Good to see Chick Corea in a puzzle again. Learned his name in a puzz about a year ago and haven't seen it since.

Had ream for TAMP for too long. (Ex pipe smoker.)

Very enjoyable puzzle. Go Giants.

Van55 said...

EPT is the opposite of inept. Not that it is a good entry.


And Don G. has constructed probably one of the most clever 21x21 theme puzzles of the year!
Three 10s... ten themes, ten letters each, and the word TEN embedded in each of the themes, and it's today's date. Now that's just plain genius!
When I said yesterday that James Sajdak's puzzle rated a "10", little did I know that today's puzzle would also rate a "10".

The four corners have some very nice stacks of 7-letter words too. OOHLALA/OOMPH got me chortling.

Word to use on someone today: POX ON.

The only part of the puzzle that I couldn't figure out was AIR GUITAR. Perhaps that was an intentional mental block.

Best clue: "Bindle carrier" (HOBO). Found out my dad was a hobo for one year before he was married (depression years). No one in our family will admit that, but my dad told me that when I was just a kid. Perhaps it's in my GENES and that's why I have such wander-lust.

Other great clues were "Stone home" (ROSETTA), and "Like 'park the car' to a New Englander" (R-LESS).

When I saw ELM ST., I also chuckled. Years ago I dabbled in real estate. In my first year as a Realtor, I sold three different houses that all were located on ELM ST. (in different towns). How weird is that? I began to think it was some dark omen, but the next year was my big boom year, so I guess my superstition meant nothing.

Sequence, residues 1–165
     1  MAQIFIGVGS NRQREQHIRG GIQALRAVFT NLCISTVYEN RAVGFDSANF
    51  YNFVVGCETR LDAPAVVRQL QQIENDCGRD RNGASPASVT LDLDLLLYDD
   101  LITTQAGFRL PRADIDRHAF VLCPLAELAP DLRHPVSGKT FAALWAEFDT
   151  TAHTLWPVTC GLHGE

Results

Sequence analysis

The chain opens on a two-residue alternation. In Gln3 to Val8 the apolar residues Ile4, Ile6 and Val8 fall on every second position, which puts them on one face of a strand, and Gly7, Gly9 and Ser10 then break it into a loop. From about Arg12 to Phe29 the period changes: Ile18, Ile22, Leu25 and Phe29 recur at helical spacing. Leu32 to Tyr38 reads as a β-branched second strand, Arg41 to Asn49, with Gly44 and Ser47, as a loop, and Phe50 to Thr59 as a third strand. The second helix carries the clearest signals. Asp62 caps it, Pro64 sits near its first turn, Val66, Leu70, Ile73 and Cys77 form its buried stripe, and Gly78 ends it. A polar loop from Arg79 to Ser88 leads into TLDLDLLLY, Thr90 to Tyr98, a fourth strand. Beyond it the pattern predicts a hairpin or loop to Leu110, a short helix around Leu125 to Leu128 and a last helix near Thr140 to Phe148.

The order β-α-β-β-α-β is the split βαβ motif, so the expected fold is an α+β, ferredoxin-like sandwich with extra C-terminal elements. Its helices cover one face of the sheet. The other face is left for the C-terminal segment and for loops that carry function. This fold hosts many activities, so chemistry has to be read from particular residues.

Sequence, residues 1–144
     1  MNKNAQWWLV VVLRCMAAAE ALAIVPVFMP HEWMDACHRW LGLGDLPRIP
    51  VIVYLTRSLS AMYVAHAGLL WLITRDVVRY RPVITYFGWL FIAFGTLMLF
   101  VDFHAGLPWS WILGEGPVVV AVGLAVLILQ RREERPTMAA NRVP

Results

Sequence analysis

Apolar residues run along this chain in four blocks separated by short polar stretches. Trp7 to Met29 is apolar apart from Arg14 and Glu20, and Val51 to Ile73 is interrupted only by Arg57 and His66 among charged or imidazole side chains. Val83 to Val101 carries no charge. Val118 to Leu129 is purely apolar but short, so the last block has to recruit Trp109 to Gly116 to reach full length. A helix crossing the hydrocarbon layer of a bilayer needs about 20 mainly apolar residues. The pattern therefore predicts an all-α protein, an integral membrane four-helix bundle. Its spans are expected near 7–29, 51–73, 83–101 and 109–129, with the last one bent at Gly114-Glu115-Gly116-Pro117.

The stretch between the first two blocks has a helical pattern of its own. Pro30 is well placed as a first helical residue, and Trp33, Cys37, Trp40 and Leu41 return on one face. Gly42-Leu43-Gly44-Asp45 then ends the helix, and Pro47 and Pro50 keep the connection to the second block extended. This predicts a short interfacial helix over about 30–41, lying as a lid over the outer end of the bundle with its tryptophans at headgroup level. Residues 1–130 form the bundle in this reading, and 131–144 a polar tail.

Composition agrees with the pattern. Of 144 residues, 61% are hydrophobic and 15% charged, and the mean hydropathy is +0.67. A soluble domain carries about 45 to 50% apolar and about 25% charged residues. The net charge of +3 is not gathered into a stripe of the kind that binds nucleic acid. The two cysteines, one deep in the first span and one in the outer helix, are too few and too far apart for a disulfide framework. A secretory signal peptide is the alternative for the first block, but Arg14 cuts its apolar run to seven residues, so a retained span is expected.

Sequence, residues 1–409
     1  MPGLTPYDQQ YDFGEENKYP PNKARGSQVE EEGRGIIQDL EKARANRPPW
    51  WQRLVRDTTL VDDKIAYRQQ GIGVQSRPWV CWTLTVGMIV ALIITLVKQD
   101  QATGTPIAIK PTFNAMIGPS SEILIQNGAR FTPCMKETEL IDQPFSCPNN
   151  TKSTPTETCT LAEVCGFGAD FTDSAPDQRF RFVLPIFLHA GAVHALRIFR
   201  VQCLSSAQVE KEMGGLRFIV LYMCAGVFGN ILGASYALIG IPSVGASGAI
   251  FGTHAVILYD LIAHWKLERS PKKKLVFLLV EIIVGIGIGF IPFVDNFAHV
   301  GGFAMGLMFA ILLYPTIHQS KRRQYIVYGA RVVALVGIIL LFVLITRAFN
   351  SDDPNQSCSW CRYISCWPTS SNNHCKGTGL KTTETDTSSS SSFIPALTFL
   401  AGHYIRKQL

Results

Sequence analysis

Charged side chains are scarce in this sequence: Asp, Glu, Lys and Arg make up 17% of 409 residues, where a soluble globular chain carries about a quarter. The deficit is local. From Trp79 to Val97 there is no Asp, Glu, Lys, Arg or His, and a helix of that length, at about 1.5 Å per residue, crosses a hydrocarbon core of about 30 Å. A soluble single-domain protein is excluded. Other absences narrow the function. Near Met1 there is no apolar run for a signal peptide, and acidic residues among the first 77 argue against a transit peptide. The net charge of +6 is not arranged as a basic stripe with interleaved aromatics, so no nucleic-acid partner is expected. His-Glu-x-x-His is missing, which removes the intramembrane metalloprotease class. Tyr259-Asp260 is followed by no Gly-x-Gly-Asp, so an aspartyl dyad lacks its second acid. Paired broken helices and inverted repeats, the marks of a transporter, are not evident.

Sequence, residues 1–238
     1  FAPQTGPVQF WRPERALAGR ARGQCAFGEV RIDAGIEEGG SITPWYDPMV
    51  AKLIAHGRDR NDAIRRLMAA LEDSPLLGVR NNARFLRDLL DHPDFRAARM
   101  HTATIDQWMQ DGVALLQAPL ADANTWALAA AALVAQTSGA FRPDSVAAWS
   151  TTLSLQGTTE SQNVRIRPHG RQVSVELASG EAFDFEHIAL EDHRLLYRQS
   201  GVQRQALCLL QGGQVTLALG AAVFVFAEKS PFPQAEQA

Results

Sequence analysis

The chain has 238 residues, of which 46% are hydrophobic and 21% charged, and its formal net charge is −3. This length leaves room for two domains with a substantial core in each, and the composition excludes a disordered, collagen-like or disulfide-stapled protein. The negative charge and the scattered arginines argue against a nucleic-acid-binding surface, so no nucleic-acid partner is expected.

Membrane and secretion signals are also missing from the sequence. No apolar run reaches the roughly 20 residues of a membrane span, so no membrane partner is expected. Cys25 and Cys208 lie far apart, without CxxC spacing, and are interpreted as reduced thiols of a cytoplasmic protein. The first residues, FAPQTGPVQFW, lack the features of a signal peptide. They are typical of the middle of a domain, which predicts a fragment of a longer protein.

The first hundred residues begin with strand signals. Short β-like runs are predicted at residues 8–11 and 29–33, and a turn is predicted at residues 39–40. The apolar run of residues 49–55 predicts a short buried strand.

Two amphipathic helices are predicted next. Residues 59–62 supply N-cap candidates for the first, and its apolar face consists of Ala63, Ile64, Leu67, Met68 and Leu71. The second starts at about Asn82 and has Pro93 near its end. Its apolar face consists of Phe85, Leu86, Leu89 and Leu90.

Here's a nice Sunday night treat---
Chick COREA, jazz pianist and Bela Fleck, Banjo TWANGER, perform "Mountain" from the Enchantment project, live at The Zeiterion THEATERS in New Bedford MA

Tinbeni said...

Next year on November 11th we'll probaly get a puzzle that has Roman Numeral eleven's in it.

It will be 11/11/11 a date you can see a mile away ... and someone will say:
"Boy that was clever ..."

Yeah right!

Remember that wonderful Christmas puzzle we had last year on December 25th?
It didn't even have that lousy XMAS TREE.

The 10/10/10 theme was good but NOT "genius" ...


Okay, so what's your criterion for a truly "genius" puzzle?

Tuttle said...

68D, both NORGE and Noreg are used in Norway. Had to let the crosses solve it.

Did not like OOHLALA crossing OOMPH. Those words can kind of mean anything. In fact, you could reverse the clues and still use the same words.

The opposite of inept is apt, not EPT. WTF!? Facetious doesn't mean "wrong". Saying I'm 'gruntled' when I'm happy is facetious, saying I'm 'ept' to do something is just stupid.